NATIONAL

[2018 Inter-Korean summit] Behind-the-scenes stories unveiled

By Ock Hyun-ju
  • Published : Apr 30, 2018 - 14:25
  • Updated : Apr 30, 2018 - 17:46
With the historic inter-Korean summit still dominating the news, behind-the-scenes stories are being revealed by those who accompanied President Moon Jae-in to the meeting with North Korean leader Kim Jong-un.

Here are some notable moments from the 12-hour inter-Korean summit.

Moon Jae-in and Kim Jung-un in private conversation

A fascinating scene was of the two leaders walking on a foot bridge in Panmunjeom, sitting on benches and talking privately for about 30 minutes. 

The leaders sometimes laughed together, and at other times appeared more serious, with them thought to be candidly talking about one of the most pressing tasks -- denuclearization of the Korean Peninsula -- ahead of Kim’s planned meeting with US President Donald Trump in May or in early June.

“It was unimaginable in the past that the two would have a conversation without anyone around,” Unification Minister Cho Myong-gyon said during a radio show Monday. 


(Cheong Wa Dae)

Their one-on-one conversation continued after they went back to the Peace House, the summit venue. They talked for about 15 minutes alone in a meeting room before signing the Panmunjeom Declaration, Cho said.

Cho described Kim as “considerably straightforward, decisive rather than calculative.”

“The leaders had to walk a long way and up a hill, so North Korean officials were reluctant about it until the last minute. It seems that Kim made the final decision to do so as the inter-Korean summit got closer,” said an official from the presidential office.

Kim Jong-un smoking at summit banquet

At around 8 p.m., North Korea’s leader Kim Jong-un, known to be a heavy smoker, quietly walked out of the banquet venue and lit up a separate location. That was the only time Kim was spotted smoking during the day of the summit.

“We heard that Kim Jong-un had been a heavy smoker. But we could see him refrain from smoking in public, considering the symbolism of the inter-Korean summit and the number of South Korean and North Korean officials at the scene (on Friday,)” an official from the presidential office said on condition of anonymity Sunday.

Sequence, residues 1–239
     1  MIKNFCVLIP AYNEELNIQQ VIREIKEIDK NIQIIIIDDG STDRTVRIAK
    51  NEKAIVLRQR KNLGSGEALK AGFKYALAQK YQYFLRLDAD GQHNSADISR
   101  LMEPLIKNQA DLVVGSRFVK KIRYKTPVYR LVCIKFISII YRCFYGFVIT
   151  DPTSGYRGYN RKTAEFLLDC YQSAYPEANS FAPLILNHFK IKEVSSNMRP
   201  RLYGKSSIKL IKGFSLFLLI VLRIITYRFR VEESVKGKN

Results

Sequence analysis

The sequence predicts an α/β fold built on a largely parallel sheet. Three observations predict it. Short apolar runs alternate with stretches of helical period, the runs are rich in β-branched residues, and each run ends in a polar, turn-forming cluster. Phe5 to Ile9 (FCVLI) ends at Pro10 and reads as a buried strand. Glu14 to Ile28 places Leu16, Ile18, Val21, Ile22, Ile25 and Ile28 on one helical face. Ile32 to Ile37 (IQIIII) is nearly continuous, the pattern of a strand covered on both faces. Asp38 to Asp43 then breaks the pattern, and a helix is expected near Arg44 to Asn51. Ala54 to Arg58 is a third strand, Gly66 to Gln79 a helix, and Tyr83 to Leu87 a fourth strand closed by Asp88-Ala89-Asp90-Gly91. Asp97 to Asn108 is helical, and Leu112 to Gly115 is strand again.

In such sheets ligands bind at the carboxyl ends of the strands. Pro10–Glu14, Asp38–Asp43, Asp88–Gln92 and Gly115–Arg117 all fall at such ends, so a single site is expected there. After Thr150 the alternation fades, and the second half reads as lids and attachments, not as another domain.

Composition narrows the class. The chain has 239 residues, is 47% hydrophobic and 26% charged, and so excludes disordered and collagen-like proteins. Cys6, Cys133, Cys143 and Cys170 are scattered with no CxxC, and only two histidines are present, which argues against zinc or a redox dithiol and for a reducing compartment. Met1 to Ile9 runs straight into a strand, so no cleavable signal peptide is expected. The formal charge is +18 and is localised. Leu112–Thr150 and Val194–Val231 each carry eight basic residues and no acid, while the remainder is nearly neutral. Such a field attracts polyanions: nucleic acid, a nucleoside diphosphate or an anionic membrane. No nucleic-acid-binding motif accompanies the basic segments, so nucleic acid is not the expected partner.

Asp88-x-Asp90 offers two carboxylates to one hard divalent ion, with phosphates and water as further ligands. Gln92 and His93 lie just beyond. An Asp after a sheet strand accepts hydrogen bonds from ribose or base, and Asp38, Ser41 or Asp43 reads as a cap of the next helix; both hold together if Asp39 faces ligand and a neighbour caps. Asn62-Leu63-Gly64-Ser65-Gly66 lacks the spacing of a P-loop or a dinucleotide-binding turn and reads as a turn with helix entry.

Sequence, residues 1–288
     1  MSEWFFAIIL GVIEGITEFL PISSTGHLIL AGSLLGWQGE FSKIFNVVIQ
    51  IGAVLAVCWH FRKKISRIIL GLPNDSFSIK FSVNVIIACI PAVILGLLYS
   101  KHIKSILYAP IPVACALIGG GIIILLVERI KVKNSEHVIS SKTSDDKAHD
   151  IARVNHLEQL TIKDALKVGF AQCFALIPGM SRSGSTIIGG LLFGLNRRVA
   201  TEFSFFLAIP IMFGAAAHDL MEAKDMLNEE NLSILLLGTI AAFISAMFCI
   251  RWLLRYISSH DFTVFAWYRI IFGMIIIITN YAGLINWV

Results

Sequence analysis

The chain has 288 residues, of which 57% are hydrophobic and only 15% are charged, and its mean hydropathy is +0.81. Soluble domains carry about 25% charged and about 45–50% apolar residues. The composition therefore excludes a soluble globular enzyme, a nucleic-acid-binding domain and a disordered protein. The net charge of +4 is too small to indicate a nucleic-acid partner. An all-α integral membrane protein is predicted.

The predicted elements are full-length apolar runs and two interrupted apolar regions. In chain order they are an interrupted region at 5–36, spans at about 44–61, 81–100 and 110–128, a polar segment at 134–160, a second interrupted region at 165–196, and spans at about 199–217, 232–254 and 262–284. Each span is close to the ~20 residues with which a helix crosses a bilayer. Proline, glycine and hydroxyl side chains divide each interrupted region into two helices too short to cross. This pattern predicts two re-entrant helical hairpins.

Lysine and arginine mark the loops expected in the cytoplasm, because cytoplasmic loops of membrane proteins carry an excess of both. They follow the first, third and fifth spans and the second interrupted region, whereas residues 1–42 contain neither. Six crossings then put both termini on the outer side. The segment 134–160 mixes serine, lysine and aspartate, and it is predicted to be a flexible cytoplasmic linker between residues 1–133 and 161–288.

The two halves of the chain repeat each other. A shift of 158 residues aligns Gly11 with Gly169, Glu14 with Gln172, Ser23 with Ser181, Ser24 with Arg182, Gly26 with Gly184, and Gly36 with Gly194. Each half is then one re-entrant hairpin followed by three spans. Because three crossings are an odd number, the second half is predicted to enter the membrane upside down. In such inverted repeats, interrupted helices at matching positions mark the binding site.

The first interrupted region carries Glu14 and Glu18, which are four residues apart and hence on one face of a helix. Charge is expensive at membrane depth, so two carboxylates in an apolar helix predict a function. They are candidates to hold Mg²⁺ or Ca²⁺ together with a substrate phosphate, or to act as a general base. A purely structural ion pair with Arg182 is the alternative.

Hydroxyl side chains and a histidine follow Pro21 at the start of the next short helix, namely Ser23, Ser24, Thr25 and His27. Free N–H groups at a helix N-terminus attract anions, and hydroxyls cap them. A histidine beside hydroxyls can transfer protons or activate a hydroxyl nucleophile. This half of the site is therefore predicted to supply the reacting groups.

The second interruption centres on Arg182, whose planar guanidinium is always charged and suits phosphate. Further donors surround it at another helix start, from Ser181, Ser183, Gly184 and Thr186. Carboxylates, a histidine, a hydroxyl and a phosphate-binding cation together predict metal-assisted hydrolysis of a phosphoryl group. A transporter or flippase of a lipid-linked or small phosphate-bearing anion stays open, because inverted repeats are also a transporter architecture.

Cheong Wa Dae had set water, tea and an ashtray on the table near the benches where the two leaders sat together, but Kim, who is thought to be aged 34, did not take out a cigarette in front of Moon, 65.

Alcohol that got the banquet going

North Korean leader Kim Jong-un did not once refuse the strong liquor poured by South Korean participants during the 160-minute dinner banquet, according to the participants at the event. A total of 30 guests were invited from the South and 24 from the North.


(Cheong Wa Dae)

At the summit, Moon and his wife Kim Jung-sook, and Kim and his wife Ri Sol-ju, as well as other participants had an alcohol prepared by the South Korean side -- Moonbaeju made of millet and sorghum, which has its origins in North Korea’s Pyeongan Province, and contains 40 percent alcohol.

The first ladies -- Kim and Ri -- also had a drink together, exchanging conversation about music and art, according to presidential vice spokesperson Ko Min-jung.

Cold noodles a hit

North Korean leader Kim Jong-un made mention of naengmyeon – a type of cold noodles -- brought from the North’s capital Pyongyang for the summit banquet in an opening remark on Friday.

South Koreans were seen flocking to restaurants serving Pyongyang-style cold noodles the same day. 


(Cheong Wa Dae)

When Moon’s vice spokesperson Ko Min-jung told guests that the cold noodle restaurants in Seoul were packed with South Koreans, they erupted into laughter, according to the presidential office.

A head chef from Okryugwan in Pyongyang -- a symbol of the culinary life of Pyongyang -- brought a noodle-making machine and broth, and made noodles on the spot to serve the North’s signature cold noodles.

The chef and North Korean officials reportedly expressed regret that they could not reproduce the flavor of the Pyongyang-style cold noodles “100 percent.”

By Ock Hyun-ju (laeticia.ock@heraldcorp.com)